Through Marlow, Conrad constructs an image of Africa that is on fire, storm-laden, and violent. The juxtaposition between the safety and comfort of the sailors aboard the ship and the turbulent imagery used to describe the conditions in this unknown land is meant to foreshadow Marlow’s story of his previous journey into Africa, as well as the cautionary tale of Kurtz’s descent into madness. Similar imagery is used in Beasts of No Nation (17:45:00–17:45:15). This scene is narrated by Agu, the film’s main character, and takes place right after his mother and sister are forced to flee their family home in anticipation of oncoming violence. In the scene it’s storming, and the camera pans from the safety of the Agu’s home to the storm outside. The viewer is able to take in the lightning as it flashes across the grey sky, and lights up the dark clouds hovering over black mountains in the distance. The scene serves the film in the same way that Marlow’s description of ancient Africa serves the plot of Heart of Darkness. The proximity of the dangerous and unknown symbolizes Agu’s impending journey into the darkness and lawlessness presumed to lie within the depths of this unnamed country. This technique of using extreme weather imagery to imply violence and turmoil within Africa is heavily utilized by both Conrad and the director of Beasts of No Nation; these anthropomorphic tendencies are still relevant in representations of Africa today.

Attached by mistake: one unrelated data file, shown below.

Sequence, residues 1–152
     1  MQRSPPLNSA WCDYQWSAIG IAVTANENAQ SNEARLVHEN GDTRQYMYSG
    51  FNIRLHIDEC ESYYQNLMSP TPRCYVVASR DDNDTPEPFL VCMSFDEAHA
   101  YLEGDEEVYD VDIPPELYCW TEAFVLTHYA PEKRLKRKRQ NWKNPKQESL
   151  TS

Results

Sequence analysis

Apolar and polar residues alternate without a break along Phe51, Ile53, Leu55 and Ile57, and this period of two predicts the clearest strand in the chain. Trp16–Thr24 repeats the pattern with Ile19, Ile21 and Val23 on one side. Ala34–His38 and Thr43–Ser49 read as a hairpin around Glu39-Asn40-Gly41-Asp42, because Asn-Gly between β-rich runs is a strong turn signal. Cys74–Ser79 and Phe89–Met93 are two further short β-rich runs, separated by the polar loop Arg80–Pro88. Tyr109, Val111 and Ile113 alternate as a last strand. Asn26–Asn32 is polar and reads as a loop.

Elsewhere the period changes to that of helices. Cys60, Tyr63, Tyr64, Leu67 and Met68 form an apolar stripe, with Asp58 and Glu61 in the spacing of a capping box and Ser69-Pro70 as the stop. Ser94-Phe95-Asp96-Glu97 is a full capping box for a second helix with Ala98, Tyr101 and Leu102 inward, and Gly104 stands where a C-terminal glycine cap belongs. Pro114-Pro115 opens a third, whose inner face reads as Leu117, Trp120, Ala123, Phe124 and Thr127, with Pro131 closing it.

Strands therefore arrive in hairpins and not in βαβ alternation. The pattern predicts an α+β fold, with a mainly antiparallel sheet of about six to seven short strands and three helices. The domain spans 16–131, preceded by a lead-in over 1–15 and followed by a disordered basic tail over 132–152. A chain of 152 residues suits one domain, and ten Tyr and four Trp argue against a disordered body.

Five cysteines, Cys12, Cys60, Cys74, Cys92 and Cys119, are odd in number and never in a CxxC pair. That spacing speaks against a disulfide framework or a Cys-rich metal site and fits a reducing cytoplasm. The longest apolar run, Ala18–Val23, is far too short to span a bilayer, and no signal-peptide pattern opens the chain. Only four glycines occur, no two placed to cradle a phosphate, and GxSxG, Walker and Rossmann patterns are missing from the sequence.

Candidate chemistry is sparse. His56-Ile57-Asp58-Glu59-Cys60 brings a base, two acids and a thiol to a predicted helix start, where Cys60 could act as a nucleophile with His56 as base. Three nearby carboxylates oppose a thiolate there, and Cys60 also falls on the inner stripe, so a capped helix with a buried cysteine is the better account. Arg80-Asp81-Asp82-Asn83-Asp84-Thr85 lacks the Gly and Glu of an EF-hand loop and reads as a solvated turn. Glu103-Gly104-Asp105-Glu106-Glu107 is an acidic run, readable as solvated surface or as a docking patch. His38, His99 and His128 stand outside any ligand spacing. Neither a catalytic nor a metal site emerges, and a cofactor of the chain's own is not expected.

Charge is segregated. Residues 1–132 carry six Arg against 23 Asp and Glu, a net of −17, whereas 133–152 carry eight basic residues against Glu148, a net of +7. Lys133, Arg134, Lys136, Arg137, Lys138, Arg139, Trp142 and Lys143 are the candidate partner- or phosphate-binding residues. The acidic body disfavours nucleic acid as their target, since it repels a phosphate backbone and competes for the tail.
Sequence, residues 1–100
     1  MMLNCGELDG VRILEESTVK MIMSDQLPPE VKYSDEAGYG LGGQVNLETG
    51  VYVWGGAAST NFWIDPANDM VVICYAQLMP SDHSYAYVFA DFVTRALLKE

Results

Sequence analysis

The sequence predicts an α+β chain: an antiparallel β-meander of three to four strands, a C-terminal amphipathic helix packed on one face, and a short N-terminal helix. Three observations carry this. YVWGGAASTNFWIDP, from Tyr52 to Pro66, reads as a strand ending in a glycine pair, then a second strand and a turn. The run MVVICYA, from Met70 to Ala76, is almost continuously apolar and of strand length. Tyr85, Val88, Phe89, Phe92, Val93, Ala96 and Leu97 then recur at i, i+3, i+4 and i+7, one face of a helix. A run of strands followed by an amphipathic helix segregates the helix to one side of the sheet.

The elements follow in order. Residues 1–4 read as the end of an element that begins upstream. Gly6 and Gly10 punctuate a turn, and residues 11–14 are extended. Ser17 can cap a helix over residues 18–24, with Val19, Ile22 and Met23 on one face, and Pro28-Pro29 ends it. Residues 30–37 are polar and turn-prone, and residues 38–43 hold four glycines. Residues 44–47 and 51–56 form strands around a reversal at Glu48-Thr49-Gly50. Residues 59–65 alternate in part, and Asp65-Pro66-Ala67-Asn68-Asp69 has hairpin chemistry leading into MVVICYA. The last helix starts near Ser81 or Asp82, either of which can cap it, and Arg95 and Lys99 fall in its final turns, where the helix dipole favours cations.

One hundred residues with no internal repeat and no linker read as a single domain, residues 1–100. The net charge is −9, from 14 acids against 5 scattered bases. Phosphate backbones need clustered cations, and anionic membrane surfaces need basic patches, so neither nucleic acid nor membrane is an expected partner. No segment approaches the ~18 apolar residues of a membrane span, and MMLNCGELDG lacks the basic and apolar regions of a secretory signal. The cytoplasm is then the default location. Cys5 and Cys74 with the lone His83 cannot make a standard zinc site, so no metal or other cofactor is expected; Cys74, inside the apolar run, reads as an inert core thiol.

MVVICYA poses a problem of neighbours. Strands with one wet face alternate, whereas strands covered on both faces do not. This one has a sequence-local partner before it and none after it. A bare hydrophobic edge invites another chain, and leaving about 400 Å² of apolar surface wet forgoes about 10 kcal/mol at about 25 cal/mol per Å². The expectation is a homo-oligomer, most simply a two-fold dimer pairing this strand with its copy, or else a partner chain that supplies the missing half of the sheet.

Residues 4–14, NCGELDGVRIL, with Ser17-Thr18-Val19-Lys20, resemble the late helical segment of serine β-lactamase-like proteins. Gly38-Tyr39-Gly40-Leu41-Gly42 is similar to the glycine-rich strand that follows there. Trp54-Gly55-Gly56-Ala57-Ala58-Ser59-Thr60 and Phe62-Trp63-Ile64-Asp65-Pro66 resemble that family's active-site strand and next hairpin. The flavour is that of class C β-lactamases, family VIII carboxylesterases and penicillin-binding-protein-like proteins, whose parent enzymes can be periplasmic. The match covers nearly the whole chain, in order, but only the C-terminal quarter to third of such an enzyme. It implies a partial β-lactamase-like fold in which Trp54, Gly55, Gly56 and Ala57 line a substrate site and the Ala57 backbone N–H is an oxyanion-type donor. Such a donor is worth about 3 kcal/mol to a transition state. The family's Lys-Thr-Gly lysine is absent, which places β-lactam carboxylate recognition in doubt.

Image from Netflix Flim: Beasts of No Nation